For Mommy Abbey, breastfeeding is an intimate journey that has brought her closer than ever to her newborn, Joey. While there may be challenges along the way, the benefits of breastfeeding are tremendous. She emphasizes, “[Breastfeeding] has given me a chance to get to know my baby’s cues and address her needs myself, which I think is a good foundation for trust and communication between mother and child.”
While still pregnant with baby Joey, Abbey dedicated ample time into understanding the different facets of motherhood, including breastfeeding, as she was expecting her first ever child. She learned the different styles of how to hold her baby, as well as what signs to look for to ensure proper latching and breastfeeding.
However, having a newborn may come with its fair share of trials that can’t be taught. While Abbey was fortunate in that Joey would latch properly onto her breasts, her difficulties came in the events that succeed breastfeeding ― the spit-up, or the stomach contents that flow out of the baby’s mouth. “Yes, I was worried because my baby would have a lot of spit up. This is common for the first few months and other moms and doctors tell me spit up will lessen as they get older. To help with the spit up, I make sure to keep my baby upright for a longer time, at least 20 minutes, after her feedings,” Abbey recalls.
When looking back at her first experiences with breastfeeding, Abbey shares how she would have eaten more nutritious food much earlier. Having breastfed Joey for over 3 months now, she realizes the impact that her nutrition has on her breastmilk and, consequently, on her child’s development. She also recounts instances where she would try to incorporate foods that she had before getting pregnant, and how these affected Joey’s behavior. Once, she had tried to add coffee back to her diet, only for Joey to be very fussy the whole day!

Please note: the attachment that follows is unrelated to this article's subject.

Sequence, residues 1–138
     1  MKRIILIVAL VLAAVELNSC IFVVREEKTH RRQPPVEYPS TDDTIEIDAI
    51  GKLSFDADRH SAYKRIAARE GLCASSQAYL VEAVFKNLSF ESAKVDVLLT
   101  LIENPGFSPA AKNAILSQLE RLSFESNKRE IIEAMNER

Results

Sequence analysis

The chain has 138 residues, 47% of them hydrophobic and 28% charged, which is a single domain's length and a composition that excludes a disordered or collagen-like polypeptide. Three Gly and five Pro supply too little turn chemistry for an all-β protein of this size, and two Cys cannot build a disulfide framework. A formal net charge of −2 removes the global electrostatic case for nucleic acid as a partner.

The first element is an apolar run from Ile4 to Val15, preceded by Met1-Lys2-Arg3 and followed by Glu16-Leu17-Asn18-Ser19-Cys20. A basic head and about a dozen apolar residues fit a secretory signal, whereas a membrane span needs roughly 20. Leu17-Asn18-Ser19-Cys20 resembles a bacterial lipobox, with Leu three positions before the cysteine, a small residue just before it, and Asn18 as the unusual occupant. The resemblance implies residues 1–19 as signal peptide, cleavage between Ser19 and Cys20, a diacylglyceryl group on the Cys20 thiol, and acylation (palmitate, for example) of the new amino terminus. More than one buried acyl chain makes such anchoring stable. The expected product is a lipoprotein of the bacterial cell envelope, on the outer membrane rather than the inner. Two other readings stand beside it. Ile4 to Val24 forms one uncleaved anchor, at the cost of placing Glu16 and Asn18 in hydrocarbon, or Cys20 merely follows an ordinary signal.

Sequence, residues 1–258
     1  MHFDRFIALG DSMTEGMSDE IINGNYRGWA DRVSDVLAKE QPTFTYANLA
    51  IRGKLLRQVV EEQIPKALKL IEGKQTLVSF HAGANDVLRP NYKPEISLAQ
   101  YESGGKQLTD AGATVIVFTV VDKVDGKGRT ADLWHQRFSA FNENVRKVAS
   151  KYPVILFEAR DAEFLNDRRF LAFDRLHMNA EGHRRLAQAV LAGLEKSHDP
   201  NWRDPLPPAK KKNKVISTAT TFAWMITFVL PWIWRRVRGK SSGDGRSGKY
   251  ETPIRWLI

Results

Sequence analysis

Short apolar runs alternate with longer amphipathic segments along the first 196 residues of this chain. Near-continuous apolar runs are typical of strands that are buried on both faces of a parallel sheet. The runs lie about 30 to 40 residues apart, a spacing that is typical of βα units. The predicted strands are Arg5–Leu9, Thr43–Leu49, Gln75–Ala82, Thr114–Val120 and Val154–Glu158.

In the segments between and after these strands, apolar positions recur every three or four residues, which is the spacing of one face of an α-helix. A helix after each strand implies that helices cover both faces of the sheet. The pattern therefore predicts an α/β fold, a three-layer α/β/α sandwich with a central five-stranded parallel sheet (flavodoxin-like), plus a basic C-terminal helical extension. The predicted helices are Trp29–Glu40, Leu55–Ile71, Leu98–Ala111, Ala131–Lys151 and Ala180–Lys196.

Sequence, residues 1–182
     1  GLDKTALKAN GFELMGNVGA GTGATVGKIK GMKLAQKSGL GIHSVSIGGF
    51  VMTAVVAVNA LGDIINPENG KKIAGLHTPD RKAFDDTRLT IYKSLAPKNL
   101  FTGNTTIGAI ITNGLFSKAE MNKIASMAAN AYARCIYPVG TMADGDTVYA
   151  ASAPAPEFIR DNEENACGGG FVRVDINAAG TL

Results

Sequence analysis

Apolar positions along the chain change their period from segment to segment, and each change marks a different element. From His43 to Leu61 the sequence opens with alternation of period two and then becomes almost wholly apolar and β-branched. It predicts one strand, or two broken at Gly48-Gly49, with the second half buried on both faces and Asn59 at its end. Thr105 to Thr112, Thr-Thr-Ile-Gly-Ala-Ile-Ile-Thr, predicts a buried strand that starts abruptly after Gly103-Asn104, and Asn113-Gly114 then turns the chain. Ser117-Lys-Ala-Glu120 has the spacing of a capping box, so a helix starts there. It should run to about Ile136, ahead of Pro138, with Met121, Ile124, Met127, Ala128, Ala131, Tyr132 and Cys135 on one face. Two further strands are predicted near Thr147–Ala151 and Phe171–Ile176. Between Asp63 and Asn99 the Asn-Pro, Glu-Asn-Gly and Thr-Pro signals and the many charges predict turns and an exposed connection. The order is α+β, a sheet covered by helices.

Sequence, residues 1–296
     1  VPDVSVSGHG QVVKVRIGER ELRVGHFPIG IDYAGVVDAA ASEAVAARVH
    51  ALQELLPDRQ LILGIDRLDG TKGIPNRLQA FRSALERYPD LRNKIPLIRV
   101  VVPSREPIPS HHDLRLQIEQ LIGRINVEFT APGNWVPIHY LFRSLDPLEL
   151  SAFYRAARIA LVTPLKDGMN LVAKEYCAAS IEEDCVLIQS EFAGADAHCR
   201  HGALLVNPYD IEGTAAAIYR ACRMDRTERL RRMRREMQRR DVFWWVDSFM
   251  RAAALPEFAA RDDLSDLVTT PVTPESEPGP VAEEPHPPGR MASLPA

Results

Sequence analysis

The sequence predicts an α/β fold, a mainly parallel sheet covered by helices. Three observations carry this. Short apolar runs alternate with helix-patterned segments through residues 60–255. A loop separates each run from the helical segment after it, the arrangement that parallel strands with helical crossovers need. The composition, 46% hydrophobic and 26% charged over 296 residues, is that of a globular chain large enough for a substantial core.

Of course, these experiences may be unique to Abbey’s breastfeeding journey; each mother has the power and freedom to discover what breastfeeding styles work for their own children. However different a mother's experience may be, no one should go through this alone. Family and friends can support breastfeeding mommies in simple ways, such as providing meals or caring for the baby in between breastfeeding periods. Abbey adds, "Whether [breastfeeding is] a difficult journey or an easy one, ask how you can help."
Breastfeeding is no simple task and requires giving a lot of attention to your baby. As exclusive breastfeeding is recommended for the first 6 months of life, mothers will need a lot of support in caring for their baby. As daunting as this may sound, this act of love creates closer bonds with the baby and helps in their overall development.
Abbey leaves breastfeeding mommies with 2 simple pieces of advice: "My number 1 advice is to learn to make your baby latch properly. Number 2 is, if you need validation, consult a lactation coach, they are your breast friends."
In line with our objective to empower Filipino mothers to breastfeed, Milk Matters presents Express Yourself, an online movement that sheds light on the breastfeeding experiences of Filipino mothers, families, doctors, nurses, and other members of society. Our vision is to inspire other mothers to continue breastfeeding through these stories.